@event.listens_for(Table, "column_reflect")
def column_reflect(inspector, table, column_info):
    # set column.key = "attr_<lower_case_name>"
    column_info['key'] = "attr_%s" % column_info['name'].lower()

With the above event, the reflection of :class:`.Column` objects will be intercepted with our event that adds a new ".key" element, such as in a mapping as below:

class MyClass(Base):
    __table__ = Table("some_table", Base.metadata,
                autoload=True, autoload_with=some_engine)

If we want to qualify our event to only react for the specific :class:`.MetaData` object above, we can check for it in our event:

@event.listens_for(Table, "column_reflect")
def column_reflect(inspector, table, column_info):
    if table.metadata is Base.metadata:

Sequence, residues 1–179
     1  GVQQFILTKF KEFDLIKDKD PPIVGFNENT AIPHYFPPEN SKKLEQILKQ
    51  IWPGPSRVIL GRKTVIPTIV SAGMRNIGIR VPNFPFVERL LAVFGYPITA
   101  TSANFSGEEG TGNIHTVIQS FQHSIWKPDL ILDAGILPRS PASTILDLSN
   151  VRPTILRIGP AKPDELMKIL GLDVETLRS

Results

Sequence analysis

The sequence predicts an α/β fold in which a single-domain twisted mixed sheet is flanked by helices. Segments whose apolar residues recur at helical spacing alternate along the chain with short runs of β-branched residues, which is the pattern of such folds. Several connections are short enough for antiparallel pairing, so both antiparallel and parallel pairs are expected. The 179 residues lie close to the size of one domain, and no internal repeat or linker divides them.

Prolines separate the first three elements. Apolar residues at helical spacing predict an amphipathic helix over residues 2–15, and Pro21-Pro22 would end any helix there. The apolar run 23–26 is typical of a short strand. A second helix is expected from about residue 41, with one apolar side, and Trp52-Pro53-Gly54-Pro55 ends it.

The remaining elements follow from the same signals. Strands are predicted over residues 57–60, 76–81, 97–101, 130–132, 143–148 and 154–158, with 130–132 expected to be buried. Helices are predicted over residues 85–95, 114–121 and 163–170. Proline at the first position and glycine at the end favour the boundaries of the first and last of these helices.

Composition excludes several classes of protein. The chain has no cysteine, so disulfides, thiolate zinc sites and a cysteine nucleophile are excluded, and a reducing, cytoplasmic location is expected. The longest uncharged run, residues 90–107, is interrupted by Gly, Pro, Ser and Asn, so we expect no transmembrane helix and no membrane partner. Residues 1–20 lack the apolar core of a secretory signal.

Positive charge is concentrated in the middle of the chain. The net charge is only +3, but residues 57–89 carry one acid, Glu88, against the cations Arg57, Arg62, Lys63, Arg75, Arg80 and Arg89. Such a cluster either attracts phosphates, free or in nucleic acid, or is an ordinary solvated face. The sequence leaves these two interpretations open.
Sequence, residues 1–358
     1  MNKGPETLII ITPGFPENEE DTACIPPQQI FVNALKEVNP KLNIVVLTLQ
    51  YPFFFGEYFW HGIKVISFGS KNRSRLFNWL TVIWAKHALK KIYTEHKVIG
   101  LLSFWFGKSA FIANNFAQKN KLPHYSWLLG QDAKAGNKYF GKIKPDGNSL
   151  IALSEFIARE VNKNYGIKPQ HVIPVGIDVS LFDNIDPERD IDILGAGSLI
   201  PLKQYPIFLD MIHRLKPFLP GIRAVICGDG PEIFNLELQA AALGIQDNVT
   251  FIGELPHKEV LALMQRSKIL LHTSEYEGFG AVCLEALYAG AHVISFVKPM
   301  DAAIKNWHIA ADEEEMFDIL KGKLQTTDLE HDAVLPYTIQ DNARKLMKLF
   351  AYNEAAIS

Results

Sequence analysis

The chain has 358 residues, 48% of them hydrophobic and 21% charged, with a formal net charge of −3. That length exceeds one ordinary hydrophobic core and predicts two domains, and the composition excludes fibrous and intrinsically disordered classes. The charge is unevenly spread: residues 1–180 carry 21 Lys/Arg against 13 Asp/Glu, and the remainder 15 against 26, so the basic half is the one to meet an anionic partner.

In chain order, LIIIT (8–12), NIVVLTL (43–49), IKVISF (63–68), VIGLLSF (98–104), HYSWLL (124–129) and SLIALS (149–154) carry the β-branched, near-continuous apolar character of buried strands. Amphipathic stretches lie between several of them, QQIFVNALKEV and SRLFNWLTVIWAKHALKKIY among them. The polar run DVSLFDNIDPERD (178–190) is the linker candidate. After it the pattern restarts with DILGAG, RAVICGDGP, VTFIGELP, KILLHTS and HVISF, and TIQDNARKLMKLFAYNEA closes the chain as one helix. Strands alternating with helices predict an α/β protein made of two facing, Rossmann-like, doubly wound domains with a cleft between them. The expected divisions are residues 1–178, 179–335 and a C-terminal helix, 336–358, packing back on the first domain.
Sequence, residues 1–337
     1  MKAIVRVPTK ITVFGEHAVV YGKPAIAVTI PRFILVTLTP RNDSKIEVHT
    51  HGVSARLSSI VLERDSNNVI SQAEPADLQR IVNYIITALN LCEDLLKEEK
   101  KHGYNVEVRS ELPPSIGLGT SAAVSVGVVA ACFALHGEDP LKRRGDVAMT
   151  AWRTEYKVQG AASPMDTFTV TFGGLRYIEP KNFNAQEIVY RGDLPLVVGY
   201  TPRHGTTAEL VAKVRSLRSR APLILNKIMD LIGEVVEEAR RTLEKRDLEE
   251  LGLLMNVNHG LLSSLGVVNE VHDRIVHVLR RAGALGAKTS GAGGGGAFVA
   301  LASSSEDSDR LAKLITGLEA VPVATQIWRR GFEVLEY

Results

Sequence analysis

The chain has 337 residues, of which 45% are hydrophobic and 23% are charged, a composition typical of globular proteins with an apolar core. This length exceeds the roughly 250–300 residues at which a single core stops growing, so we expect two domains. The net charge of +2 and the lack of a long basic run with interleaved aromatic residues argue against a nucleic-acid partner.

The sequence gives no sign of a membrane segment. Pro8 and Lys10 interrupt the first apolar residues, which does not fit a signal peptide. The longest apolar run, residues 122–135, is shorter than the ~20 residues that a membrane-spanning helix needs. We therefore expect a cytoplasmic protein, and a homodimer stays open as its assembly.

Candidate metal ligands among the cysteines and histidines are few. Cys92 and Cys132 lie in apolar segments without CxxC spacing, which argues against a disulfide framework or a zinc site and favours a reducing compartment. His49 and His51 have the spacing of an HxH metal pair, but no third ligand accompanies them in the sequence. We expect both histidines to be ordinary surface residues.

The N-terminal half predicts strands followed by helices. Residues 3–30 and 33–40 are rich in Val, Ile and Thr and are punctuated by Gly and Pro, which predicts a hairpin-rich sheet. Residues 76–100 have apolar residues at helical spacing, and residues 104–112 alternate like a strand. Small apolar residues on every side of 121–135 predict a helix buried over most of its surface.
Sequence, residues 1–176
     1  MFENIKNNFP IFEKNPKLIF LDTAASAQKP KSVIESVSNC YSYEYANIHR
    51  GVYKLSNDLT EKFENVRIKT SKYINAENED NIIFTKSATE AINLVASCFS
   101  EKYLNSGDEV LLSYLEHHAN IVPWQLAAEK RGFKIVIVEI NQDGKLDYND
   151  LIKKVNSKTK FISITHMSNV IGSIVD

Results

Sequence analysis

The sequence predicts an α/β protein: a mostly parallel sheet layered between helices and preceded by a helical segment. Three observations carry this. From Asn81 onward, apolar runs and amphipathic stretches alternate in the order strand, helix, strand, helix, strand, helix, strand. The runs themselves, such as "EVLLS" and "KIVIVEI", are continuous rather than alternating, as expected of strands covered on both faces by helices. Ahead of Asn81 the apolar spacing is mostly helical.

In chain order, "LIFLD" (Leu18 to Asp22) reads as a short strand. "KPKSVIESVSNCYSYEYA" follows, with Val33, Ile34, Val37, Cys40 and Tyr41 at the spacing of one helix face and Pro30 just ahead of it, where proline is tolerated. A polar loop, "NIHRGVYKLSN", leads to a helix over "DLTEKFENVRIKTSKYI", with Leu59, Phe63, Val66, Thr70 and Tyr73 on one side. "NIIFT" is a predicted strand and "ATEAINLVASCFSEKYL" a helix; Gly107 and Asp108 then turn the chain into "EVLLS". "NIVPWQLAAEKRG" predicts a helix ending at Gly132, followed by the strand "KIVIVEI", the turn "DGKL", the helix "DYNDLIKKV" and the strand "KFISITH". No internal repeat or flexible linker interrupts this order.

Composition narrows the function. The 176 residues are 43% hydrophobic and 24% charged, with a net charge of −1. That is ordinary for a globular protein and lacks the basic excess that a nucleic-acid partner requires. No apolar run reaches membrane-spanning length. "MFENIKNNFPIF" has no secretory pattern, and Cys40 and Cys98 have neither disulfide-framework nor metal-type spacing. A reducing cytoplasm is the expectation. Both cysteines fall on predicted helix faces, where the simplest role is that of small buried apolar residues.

# set column.key = "attr_<lower_case_name>"
        column_info['key'] = "attr_%s" % column_info['name'].lower()

Naming All Columns with a Prefix

A quick approach to prefix column names, typically when mapping to an existing :class:`.Table` object, is to use column_prefix:

class User(Base):
    __table__ = user_table
    __mapper_args__ = {'column_prefix':'_'}

The above will place attribute names such as _user_id, _user_name, _password etc. on the mapped User class.

This approach is uncommon in modern usage. For dealing with reflected tables, a more flexible approach is to use that described in :ref:`mapper_automated_reflection_schemes`.

Using column_property for column level options